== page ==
These Famous Artists Proved That Staying up Late Can Lead to Great Ideas

Abigail Cain
Oct 22, 2018 8:37PM
Gilbert Garcin
267 - Nocturne (d'apres Paul Klee), 2004
Lisa Sette Gallery

Aristotle was right about a lot of things. After more than 2,000 years, many of the Greek philosopher’s contributions to logic and biology are still sound. But his declaration that “it is well to be up before daybreak, for such habits contribute to health, wealth, and wisdom” may not have aged quite as well.

That’s not to say that he completely missed the mark. For certain artists—Georgia O’Keeffe and Joan Miró among them—waking up early was a key part of their daily routine. But it’s by no means a universal path to creative success. Some people are “larks,” working better in the morning; others are “owls,” who thrive at night. These temporal preferences might be due to a delayed circadian rhythm, the internal clock that controls melatonin levels, body temperature, and sleep drive. For owls, peak productivity can hit in the evening, rather than during the typical 9-to-5 workday.

And, as some research has shown, it might actually boost creativity to work when we’re tired. Generally, while working, we’re dealing with two distinct types of problems: analytic and insight. Analytic problems require more systematic solutions, repeating the same process again and again until you get the right answer (think algebra). Insight problems, on the other hand, often try to trick the solver and require out-of-the-box thinking. We’re better at solving insight problems during non-peak hours, when our brain is less focused and more prone to distraction. These distractions help to trigger the “aha” moments necessary to move forward on creative or innovative projects.

Knowing this, it comes as little surprise to learn that there were a host of famous artists who worked into the wee hours of the night. Not all of them were by choice—some, like Louise Bourgeois and Lee Krasner were dealing with insomnia. But each of these artists found that night time was ripe for productivity, creativity, and artmaking.

Portrait of Henri de Toulouse-Lautrec. Photo by Alfred Natanson, Apic/Getty Images.


Henri de Toulouse-Lautrec’s first poster for the Moulin Rouge made him an overnight sensation. Some 3,000 copies were hung around the city in late 1891; almost immediately, intrigued Parisians began to flock to the cabaret. He went on to make a number of artistically groundbreaking (and commercially successful) lithographs for the Moulin Rouge and other similar establishments, as well as frank and empathetic depictions of Parisian nightlife.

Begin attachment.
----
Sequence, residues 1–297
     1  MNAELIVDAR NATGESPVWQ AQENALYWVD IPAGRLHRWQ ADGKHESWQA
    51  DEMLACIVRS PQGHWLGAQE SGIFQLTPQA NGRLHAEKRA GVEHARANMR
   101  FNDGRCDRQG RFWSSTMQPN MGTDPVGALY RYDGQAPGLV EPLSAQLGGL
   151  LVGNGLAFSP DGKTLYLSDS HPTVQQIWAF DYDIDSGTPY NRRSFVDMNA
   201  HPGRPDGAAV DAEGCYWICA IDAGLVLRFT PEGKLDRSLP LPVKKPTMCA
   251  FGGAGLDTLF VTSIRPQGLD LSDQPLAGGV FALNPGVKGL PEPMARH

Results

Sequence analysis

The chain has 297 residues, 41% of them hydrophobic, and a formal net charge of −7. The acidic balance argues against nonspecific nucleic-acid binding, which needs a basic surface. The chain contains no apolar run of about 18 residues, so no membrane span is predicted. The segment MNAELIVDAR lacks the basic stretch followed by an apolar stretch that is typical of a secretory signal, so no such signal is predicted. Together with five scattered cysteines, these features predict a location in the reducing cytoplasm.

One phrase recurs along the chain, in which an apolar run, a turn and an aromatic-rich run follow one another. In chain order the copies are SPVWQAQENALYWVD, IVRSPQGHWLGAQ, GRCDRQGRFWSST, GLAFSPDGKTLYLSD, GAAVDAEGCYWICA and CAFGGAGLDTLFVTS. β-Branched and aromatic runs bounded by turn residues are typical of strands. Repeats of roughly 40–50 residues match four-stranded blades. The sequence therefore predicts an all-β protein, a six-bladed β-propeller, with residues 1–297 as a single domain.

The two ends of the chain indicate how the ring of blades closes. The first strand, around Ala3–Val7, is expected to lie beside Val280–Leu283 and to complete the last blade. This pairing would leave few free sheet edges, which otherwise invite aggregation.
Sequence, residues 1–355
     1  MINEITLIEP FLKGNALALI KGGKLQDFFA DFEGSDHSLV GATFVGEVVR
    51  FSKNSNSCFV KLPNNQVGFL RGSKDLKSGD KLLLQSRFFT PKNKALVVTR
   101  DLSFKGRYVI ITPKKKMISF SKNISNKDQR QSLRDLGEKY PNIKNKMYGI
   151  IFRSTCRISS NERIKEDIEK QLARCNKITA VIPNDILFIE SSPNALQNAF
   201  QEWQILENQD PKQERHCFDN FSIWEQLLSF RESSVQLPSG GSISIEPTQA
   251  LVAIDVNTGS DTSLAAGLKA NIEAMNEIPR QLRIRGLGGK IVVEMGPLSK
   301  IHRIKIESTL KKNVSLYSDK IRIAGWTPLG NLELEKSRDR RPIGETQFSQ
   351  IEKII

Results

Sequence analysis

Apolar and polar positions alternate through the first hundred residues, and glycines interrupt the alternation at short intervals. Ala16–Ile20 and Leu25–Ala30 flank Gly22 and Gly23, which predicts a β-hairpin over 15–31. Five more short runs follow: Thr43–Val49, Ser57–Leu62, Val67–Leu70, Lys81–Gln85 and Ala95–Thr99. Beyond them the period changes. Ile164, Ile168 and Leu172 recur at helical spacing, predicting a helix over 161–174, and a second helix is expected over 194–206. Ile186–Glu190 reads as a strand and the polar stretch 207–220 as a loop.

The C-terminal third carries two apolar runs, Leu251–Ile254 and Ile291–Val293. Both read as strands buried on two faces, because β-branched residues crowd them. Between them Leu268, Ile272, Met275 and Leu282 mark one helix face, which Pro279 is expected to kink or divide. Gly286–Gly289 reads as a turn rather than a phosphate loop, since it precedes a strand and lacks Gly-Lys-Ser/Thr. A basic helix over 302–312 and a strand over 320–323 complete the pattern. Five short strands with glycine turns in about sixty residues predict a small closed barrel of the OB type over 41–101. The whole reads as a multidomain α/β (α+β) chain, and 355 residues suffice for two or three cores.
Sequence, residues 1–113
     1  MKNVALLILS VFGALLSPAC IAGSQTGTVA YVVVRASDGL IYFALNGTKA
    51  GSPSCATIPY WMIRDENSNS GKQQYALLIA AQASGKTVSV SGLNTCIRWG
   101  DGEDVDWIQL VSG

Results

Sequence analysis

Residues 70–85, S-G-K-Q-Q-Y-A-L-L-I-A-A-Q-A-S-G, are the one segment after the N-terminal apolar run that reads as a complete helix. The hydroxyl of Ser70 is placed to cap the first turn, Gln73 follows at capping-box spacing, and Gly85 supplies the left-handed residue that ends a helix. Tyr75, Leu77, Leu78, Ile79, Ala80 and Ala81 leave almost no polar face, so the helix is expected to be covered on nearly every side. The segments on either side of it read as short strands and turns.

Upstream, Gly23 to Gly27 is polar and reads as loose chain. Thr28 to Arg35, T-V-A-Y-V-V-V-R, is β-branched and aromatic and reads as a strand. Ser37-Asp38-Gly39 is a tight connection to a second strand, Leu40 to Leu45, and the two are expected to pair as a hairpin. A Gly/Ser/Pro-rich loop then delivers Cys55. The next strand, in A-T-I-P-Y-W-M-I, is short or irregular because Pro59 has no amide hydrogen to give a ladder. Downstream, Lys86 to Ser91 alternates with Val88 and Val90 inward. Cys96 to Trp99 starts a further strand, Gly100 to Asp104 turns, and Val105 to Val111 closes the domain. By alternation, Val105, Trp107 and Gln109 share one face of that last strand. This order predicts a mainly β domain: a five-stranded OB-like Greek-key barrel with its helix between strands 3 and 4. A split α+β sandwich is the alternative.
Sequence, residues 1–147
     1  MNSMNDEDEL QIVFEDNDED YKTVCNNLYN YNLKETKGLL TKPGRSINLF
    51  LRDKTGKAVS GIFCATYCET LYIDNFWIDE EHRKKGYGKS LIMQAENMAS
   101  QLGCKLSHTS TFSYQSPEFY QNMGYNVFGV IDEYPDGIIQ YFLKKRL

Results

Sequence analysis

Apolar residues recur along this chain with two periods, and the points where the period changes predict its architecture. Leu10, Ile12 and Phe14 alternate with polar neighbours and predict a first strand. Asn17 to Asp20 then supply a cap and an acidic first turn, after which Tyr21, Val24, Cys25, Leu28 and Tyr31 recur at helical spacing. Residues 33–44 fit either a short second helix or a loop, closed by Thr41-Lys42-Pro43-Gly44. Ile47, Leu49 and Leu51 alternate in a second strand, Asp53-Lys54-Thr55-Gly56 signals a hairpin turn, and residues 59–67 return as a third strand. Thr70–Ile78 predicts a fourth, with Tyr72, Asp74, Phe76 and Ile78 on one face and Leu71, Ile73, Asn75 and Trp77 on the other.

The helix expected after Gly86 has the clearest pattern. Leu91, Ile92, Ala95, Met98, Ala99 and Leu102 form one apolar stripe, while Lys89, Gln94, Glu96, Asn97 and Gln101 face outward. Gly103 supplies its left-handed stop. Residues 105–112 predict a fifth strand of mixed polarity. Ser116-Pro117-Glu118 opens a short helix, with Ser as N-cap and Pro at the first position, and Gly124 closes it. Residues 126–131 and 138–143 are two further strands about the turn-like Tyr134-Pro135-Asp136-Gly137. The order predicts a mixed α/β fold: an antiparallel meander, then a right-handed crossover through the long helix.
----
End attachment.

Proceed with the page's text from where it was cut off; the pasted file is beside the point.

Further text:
To capture the acrobats, singers, and prostitutes who populated this gritty world, Toulouse-Lautrec spent most nights at brothels or cabarets with a sketchpad in hand or a canvas propped up on an easel. He was also very fond of alcohol, drinking more or less continuously each day (he was particularly obsessed with American cocktails, even inventing his own, “The Earthquake,” which was half absinthe, half cognac). And even after a long night of drawing and drinking, he still woke early to print lithographs. Minimal sleep and copious alcohol consumption eventually took its toll: Toulouse-Lautrec died young, at age 36, likely of syphilis and alcoholism.

Louise Bourgeois in her studio, 1995. Photo by Porter Gifford/Corbis/Getty Images.

“I’m an insomniac, so for me the state of being asleep is paradise,” Louise Bourgeois once said. “It is a paradise I can never reach. But I still try to conquer the insomnia, and to a large extent I have done it; it is conquerable.” She did so by drawing, spending many sleepless hours filling the pages of her “drawing-diary” with lines and loops and other repeated designs.

She described these works as “a kind of rocking or stroking, and an attempt at finding a kind of peace.” In 2003, the Whitney Museum displayed 220 of her doodles, drawings, and notes (which she dubbed her “Insomnia Drawings”) made between 1994 and 1995. Although a handful explicitly reference her sleeplessness—a 24-hour clock, for instance—many of them are playful, even funny. In one, she traces the hanging door signs from a hotel (“Do not disturb” and “May I come in”); another features a forest of lollipop trees.

Gjon Mili
Picasso, Space Drawing, 1949
Howard Greenberg Gallery

Pablo Picasso produced some 16,000 paintings and drawings throughout the course of his life—a massive output made possible, in part, by his late-night work habits. As a young man in Paris, he painted through the night while his poet roommate slept.